Counterpoint/First Species

The first species of counterpoint is the most simple, being that of one note placed against one note (that is, if the cantus fimus is quarter notes, the counterpoint will also be in quarter notes).

There are two ultimate rules of counterpoint that should be observed in first species counterpoint and are almost never broken in any counterpoint with two voices.

  • When progressing into a perfect consonance, oblique motion or contrary motion may be used.
  • When progressing into a imperfect consonance, any motion might be used (however, parallel motion may only be used when progressing from imperfect to imperfect).

The Definition of MotionsEdit

Motion, with regards to counterpoint, is the relationship between two notes in different voices and how they "move", with reference to each other, as the score progresses.

  • Motion where one voice does not move and the other does is called oblique motion.
  • Motion where one voice moves up and the other down, or vice versa is called contrary motion.
  • Motion where both voices move up or down in the same interval is called parallel motion.
  • Motion where both voices move down, or both up (but not necessarily by the same interval) is called similar motion.

Parallel motion may be considered a special case of similar motion.

The Definition of ConsonancesEdit

  • A consonance is any interval considered harmonious by tonal standards (the third, sixth, fifth, octave, and unison). (Note that the unison may not be used except in beginning a counterpoint below the cantus firmus.)
    • a Perfect Consonance is any consonant interval that cannot be major or minor. These are the Perfect Fifth, Perfect Octave, and Perfect Unison (and any variation of these such as the fifteenth).
Special Note: In traditional counterpoint, the fourth is not considered a consonance because of the potential dissonance that can result if both fourth and third or fourth and fifth are utilized with a bass line in three or four voice counterpoint; however, in the less strict counterpoint of more vertical music, fourths are very frequently utilized as consonances. In the case of any exercises in counterpoint, it would be prudent to consider the fourth as a dissonance.
  • an Imperfect Consonance is any consonant interval that can be either major or minor. These are the major and minor third, sixth and tenth.
  • A dissonance is any interval that is considered to be unpleasant to the ear or unstable by tonal standards (these are the second, tritone, seventh, and augmented or diminished intervals)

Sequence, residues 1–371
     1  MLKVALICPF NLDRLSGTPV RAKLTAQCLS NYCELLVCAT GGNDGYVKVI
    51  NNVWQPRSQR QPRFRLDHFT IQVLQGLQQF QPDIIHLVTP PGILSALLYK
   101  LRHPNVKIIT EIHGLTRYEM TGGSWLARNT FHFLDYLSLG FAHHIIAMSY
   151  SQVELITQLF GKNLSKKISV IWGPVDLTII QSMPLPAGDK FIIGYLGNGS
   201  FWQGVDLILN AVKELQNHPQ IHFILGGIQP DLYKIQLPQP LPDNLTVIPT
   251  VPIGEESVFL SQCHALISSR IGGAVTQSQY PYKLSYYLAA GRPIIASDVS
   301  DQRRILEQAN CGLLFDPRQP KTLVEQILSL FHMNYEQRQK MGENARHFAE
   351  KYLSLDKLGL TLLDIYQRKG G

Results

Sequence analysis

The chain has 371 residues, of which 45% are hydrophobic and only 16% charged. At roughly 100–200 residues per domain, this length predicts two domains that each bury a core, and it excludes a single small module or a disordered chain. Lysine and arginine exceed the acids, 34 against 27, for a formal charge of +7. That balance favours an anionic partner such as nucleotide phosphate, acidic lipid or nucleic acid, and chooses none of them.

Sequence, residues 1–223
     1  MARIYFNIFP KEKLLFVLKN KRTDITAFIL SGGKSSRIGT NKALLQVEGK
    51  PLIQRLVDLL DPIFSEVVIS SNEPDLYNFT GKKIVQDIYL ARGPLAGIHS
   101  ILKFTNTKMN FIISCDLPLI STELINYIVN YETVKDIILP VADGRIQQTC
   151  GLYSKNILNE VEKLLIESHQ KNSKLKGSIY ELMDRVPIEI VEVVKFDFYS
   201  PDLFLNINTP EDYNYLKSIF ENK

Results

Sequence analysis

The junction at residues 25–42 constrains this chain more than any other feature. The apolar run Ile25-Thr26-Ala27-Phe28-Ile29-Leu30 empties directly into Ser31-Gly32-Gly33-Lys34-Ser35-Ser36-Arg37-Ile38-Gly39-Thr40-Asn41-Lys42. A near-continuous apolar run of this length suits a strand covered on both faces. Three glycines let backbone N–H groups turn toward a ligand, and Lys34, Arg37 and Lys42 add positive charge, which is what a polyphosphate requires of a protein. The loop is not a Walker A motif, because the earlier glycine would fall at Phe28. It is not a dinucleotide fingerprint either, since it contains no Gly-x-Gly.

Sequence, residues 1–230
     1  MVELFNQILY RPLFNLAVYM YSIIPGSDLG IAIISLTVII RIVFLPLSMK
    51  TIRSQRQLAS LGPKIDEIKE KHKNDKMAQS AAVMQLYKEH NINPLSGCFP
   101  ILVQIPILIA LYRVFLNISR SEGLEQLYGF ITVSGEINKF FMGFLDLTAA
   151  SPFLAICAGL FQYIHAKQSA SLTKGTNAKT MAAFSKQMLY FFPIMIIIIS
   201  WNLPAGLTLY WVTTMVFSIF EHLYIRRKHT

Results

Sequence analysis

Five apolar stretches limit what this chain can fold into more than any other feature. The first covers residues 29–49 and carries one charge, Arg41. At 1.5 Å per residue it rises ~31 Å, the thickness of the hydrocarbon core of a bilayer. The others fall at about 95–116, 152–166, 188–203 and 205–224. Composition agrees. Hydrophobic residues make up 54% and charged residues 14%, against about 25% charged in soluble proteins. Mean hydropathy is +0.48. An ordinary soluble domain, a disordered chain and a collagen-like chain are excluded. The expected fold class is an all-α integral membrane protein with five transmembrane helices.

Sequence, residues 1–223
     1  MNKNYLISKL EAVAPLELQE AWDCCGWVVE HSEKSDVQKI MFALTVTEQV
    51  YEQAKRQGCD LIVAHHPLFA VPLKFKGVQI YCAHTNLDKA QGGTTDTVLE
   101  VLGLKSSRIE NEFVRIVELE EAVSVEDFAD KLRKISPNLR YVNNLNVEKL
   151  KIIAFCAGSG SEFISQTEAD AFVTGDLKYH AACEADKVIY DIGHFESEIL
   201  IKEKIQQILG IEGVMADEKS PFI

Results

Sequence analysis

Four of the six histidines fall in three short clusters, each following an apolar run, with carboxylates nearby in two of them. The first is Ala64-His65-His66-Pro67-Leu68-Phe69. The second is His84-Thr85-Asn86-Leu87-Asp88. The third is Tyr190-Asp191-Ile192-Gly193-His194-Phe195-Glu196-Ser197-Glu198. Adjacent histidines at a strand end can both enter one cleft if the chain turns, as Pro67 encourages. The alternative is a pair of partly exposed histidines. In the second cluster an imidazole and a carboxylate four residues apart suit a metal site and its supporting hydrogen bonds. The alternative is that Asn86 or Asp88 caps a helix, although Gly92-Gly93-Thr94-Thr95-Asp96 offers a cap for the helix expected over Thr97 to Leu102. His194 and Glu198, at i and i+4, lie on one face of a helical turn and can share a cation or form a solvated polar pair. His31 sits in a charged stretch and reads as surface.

Linear Nature of CounterpointEdit

Good counterpoint must be multiple melodies set against each other. As such, both melodies must be well written, with mostly stepwise motion and a high or low point that is reached as a "goal" of the melody. In general, large skips should not be made over the bar line or onto a strong beat. There are many other rules that will not be described in particular detail here.

Chordal Nature of CounterpointEdit

It is important for counterpoint to make harmonic sense in addition to melodic sense. The first and last chords must be the tonic chord of the key, and it is important for the cadence to make sense (usually the dominant or subdominant chord of the key).

Archaic vs. ModernEdit

Fifths are more utilized in archaic style as a perfect consonance. In modern style, fifths are less utilized in favor of imperfect consonances, because these emphasize the tonality of the implied chord (major or minor)

Use of LeapsEdit

According to Fux, leaps of seventh or any diminished or augmented intervals should be avoided. The melodic direction should change after a leap greater than a third.

CadencesEdit

  • 'in archaic style': If the counterpoint is in the upper voice, the cadence should involve a major sixth resolving to a perfect consonance. If the counterpoint is in the lower voice, the cadence should be a minor third resolving to a perfect consonance.
  • 'in modern style': A V or IV chord must resolve to a I chord.


ReferencesEdit

Chapter 8 of Music In Theory and Practice by Benward and Saker

Last modified on 4 March 2011, at 19:47